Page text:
I firmly believe that an effective photograph can capture stories better than words can because not even the best writers can describe a photograph in detail like the work itself.
Photographs certainly tell stories but they also allow viewers to construct their own opinion about what’s going on in the picture but as a presenter myself, I like to automatically supply context on what’s happening which has been the driving force in creating this site. To not just share some of my favorite work but to shed light on the creative thought behind it.
I’m fascinated by this sort of information just like I am about the behind-the-scene footage you’re served with when buying your favorite movie on Blu-Ray or DVD. Case and point being the movie Inception. I loved it and the particulars that will show what went into developing it will only make me value it even more.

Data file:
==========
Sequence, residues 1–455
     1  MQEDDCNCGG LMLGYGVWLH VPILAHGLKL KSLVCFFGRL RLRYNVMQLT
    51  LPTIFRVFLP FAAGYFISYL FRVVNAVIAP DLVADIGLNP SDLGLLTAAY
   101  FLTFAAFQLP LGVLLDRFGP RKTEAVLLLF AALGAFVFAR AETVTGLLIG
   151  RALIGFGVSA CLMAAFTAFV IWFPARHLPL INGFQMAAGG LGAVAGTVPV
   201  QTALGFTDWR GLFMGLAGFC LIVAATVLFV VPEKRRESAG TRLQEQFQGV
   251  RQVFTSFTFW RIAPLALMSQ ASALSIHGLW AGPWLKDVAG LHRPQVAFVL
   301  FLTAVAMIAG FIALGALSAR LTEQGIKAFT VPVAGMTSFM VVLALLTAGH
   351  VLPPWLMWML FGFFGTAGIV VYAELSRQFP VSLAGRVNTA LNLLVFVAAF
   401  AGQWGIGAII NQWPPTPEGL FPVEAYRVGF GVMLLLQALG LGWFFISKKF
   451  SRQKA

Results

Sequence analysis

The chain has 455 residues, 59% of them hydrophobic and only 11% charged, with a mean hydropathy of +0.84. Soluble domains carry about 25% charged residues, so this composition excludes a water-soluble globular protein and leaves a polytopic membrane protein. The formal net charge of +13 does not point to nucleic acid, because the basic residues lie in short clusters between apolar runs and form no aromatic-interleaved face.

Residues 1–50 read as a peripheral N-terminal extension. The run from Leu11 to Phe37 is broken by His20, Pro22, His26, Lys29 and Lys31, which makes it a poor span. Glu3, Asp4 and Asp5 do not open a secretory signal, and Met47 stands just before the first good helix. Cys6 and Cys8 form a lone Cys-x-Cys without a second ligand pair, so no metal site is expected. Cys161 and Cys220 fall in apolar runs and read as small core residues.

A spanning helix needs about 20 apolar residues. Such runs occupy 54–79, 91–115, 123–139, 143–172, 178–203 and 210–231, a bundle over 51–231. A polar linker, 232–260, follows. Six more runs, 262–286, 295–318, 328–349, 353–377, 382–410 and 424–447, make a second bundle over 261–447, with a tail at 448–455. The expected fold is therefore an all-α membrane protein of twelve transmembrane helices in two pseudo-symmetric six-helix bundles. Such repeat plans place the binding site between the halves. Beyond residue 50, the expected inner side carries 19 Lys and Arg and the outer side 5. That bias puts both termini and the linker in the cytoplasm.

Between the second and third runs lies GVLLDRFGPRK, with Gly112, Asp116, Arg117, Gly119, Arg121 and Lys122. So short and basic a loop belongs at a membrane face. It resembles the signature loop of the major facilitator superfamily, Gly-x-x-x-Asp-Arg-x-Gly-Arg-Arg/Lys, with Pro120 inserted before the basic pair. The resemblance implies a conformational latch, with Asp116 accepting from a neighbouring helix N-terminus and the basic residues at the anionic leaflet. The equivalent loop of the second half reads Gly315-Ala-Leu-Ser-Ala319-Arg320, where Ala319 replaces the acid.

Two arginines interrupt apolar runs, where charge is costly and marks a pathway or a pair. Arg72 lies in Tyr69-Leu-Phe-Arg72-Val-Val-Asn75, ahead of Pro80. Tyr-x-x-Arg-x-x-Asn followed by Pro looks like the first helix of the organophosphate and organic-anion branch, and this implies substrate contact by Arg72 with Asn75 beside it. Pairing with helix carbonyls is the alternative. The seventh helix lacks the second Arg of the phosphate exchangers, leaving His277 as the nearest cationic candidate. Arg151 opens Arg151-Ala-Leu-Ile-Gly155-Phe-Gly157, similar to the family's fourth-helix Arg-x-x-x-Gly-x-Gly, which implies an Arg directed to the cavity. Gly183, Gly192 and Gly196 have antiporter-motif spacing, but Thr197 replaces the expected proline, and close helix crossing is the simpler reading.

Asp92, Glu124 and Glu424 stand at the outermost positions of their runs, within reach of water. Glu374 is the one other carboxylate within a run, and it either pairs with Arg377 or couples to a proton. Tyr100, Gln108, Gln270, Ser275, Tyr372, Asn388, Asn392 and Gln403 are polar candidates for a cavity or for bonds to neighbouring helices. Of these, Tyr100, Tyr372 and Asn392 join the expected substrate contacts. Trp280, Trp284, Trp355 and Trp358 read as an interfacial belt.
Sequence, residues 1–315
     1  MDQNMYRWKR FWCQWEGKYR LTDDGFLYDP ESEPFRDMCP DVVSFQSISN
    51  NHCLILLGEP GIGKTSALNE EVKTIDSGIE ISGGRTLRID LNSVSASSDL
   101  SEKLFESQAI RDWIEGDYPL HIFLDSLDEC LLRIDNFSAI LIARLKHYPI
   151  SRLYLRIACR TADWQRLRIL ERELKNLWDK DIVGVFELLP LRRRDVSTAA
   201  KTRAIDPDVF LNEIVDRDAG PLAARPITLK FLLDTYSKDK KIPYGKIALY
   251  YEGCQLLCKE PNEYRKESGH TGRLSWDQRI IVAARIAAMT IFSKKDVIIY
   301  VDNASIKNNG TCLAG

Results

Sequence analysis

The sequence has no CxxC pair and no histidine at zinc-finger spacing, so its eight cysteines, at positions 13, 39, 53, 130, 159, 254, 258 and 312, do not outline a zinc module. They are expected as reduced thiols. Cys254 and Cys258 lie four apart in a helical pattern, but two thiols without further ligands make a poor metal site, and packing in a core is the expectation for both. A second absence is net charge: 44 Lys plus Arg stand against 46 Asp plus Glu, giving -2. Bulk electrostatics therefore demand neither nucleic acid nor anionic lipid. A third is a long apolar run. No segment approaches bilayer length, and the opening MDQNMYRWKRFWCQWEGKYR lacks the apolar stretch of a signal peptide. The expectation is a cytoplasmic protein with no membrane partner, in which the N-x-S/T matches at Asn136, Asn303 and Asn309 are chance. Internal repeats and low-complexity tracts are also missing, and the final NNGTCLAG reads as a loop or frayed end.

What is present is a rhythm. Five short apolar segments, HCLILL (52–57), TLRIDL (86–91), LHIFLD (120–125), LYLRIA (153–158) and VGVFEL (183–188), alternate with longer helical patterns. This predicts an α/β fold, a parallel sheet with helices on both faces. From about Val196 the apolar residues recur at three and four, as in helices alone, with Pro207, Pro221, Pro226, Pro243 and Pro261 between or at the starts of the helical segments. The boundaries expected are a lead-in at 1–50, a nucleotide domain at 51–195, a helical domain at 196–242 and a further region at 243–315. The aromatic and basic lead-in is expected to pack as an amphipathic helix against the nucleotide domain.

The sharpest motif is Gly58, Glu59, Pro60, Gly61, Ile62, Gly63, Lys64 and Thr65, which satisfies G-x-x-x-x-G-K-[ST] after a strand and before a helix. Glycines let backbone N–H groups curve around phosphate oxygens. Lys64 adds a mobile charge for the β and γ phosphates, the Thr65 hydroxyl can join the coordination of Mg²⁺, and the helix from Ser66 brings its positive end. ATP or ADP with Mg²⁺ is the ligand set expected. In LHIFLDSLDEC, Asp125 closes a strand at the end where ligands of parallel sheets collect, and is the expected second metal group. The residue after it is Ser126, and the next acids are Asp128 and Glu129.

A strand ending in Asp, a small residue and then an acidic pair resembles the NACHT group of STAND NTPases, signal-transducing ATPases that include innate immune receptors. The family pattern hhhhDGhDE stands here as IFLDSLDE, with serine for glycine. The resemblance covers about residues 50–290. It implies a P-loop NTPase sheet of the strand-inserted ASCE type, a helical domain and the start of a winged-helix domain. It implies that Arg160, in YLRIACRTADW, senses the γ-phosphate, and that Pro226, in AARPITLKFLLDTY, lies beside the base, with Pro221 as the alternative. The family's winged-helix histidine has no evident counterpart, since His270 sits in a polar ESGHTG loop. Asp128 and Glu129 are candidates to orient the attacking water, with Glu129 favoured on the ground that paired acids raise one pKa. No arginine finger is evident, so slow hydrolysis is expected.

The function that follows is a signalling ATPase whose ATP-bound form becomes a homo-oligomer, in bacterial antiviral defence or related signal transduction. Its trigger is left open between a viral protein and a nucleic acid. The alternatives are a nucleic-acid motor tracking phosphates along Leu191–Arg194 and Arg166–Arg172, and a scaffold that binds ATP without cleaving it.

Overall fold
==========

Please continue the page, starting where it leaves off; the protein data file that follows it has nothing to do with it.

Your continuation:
If you’re the type of photographer which feels there’s no need in explaining your work, let me direct you to my favorite tip from reknown photographer Aline Smithson where he ask for you to get in the habit of doing something when submitting to a photography contest -
Learn how to write about your work. As a blogger and curator, I need some insight into your work, so I can write about it. Photographers often feel that the images should speak for themselves. Honestly, some do and some don’t. Even a few sentences are a big help.
If you think about it; the captions you add to your photographs can only further enhance what you already feel proud of. As for this particular photo, it’s simply a case representing that I generally always carry a camera with me and that not being the driver gives you the likelihood to focus on what’s around you rather than just on the road.